One bite at a time

The government’s decision to produce a more expensive version of the common subsidised bread may be a step towards reforming the whole system – Published on Al-Ahram weekly online, by Mona El-Fiqi, 30 August – 5 September 2012.

Subsidised bread is an essential commodity for the majoryty of Egyptians, especially the 40 per cent of the population below the poverty line. Yet it has always been a source of complaints: subsidised bread is low in quality and people have to queue for hours to buy it. But problems are not due to a lack of resources. Already the government is spending around LE20 billion to subsidise bread, yet problems persist. 

It has been a sensitive issue for successive governments. And Hisham Qandil’s government is no exception. Bread is among the five top priority issues President Mohamed Mursi said he would tackle in his first 100 days in office. The other issues are traffic, security, garbage and fuel shortages.

Halfway through the 100 days period, however, people do not feel any change in the way they obtain bread or any improvement in its quality. “It is unfair to stand in a long queue for more than half an hour to buy five pieces of bread every morning,” said Ahmed Mahmoud, 37.

The problem does not end when a person gets his or her bread allowance. Nagat Ali, 62, housewife complained, “I bought 10 bread pieces but they were inedible, so I gave them to the porter of my building to feed his poultry.”

In an attempt to solve the everlasting bread problem, last week the government announced that it would produce a new kind of baladi (common) subsidised bread to be sold at LE0.1 a loaf … //

… To control smuggling, Helmi suggested that the bread production process should be completed at the market price, and at that time if the government needs to subsidise consumers it can do it during the distribution process. “The government should do more to reduce waste, since we lose 30 per cent of the wheat while in storage and 10 per cent during the bread production process, which is too much.” Helmi added.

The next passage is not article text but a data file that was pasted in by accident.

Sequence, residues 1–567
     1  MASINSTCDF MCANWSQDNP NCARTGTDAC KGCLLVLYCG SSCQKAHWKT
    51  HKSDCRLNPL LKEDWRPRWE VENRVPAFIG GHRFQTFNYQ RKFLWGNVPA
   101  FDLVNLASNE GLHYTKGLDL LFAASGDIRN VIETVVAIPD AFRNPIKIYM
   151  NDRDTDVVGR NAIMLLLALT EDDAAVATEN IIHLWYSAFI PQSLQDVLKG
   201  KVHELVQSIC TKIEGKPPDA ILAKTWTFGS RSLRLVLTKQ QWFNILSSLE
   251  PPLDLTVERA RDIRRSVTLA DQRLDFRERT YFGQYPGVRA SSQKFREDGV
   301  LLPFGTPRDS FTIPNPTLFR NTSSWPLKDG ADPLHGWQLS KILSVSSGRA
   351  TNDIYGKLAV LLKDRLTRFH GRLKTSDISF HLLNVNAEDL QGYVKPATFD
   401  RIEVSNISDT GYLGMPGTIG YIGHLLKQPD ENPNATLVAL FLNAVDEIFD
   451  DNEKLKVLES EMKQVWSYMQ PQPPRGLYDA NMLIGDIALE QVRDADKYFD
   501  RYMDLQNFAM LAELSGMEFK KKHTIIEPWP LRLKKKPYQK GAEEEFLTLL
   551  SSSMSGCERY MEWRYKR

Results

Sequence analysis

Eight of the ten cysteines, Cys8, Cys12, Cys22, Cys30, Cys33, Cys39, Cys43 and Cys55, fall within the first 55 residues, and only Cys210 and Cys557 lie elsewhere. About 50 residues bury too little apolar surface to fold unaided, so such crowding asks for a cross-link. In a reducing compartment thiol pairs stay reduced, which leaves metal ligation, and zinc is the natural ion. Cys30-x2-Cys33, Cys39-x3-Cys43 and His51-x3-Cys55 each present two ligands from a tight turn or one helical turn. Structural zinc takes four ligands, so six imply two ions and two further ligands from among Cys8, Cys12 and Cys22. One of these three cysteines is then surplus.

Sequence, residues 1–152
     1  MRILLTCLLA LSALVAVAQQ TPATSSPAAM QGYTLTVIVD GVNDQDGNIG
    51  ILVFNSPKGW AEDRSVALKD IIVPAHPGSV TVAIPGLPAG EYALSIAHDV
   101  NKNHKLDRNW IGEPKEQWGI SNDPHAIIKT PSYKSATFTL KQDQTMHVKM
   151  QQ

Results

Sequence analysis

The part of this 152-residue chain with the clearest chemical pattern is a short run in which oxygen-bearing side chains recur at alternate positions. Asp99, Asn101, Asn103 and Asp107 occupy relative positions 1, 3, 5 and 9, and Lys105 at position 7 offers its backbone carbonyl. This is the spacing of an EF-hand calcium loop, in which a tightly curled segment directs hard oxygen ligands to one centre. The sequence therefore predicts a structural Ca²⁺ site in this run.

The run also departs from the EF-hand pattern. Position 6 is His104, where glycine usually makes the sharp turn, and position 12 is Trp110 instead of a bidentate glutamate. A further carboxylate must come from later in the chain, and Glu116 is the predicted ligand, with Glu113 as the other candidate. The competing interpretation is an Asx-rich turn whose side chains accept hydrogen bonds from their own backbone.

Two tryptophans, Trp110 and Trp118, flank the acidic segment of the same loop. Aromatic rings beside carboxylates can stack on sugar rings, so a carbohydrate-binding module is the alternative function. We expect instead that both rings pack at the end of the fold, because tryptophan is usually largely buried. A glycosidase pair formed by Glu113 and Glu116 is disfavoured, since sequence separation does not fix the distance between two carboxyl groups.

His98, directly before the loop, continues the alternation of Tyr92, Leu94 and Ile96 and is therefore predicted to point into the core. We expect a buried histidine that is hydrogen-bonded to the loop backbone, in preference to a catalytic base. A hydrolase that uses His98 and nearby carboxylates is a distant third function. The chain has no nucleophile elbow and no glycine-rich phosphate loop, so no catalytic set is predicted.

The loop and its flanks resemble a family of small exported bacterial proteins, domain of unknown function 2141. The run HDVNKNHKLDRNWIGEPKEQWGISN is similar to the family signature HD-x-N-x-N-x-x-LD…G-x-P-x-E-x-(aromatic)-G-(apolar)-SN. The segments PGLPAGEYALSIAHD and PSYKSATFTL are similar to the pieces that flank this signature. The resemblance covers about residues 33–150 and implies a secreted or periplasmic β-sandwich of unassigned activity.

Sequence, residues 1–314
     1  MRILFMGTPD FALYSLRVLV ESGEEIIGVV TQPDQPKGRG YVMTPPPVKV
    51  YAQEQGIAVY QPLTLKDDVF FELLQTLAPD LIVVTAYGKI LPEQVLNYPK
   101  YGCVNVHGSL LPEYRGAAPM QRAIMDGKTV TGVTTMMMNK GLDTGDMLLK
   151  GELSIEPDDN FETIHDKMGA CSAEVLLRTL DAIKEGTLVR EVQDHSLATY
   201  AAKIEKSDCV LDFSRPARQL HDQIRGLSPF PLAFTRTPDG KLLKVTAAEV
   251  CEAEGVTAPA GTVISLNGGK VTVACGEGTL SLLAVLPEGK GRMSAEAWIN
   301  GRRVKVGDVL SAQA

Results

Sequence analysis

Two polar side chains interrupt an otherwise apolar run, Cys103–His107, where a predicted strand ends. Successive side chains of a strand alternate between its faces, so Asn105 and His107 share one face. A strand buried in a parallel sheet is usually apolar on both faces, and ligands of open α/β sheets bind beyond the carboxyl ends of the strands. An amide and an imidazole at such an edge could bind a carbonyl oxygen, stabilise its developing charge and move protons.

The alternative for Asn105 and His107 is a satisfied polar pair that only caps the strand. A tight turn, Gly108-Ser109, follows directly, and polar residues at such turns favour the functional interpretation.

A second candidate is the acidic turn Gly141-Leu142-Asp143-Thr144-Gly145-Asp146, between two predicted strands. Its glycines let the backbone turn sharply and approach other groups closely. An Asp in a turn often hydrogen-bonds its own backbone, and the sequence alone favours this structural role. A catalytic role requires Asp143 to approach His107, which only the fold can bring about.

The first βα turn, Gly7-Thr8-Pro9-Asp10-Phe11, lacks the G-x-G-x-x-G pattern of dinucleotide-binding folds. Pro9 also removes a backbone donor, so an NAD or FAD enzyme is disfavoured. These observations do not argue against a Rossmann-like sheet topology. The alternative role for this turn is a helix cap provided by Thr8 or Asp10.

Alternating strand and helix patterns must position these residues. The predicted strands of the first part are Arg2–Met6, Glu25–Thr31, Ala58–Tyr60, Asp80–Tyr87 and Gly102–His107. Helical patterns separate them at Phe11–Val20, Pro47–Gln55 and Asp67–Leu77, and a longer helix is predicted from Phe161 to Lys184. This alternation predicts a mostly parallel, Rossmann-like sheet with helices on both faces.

A further suggestion to help reduce smuggling in flour, says Abdel-Azim, is that the government establish a new distribution system by which families in outlying governorates are provided with amounts of flour appropriate to their needs that they can use to bake their own bread. “A large number of families in the countryside are willing to bake for themselves,” Abdel-Azim said.

For the time being, Abdel-Azim explained that distribution should be completely separated from production. Two years ago the government succeeded in applying a system in some governorates by which citizens received their daily quotas of subsidised bread by cards or coupons. According to Abdel-Azim, this system could be expanded to apply in all governorates.

Bakeries must also not be ignored. Bakery owners often complain, according to Farag Wahba, chairman of the Bakeries Owners Division at the Cairo Chamber of Commerce.

“All problems related to subsidised bread can be solved easily in three days not 100 days as the president promised,” Wahba said. He called for the cost price of subsidised bread to be re-evaluated, which currently stands at LE65 per 100kg bag of flour. Wahba added: “The cost price has not changed since 2006 although our agreement as the Bakeries Owners Division with the Minister of Supply at that time was to re-evaluate the cost price annually. Nothing was done.”

The current cost price, according to Wahba, does not cover the cost of the actual production process, and this might be the reason that pushed some bakery owners to sell subsidised flour in the black market. Wahba estimated that the cost price should be LE90 per 100kg bag of flour.

A second problem facing bakery owners is the high fines imposed on bakeries in cases of regulation violations. “If a bakery owner violates the rules, he should be punished, but punishment should be appropriate to the act, without exaggeration,” said Wahba, explaining that because inspectors receive a bonus of 25 per cent of the value of each fine they impose, they are keen to impose high fines on bakeries.
(full text).


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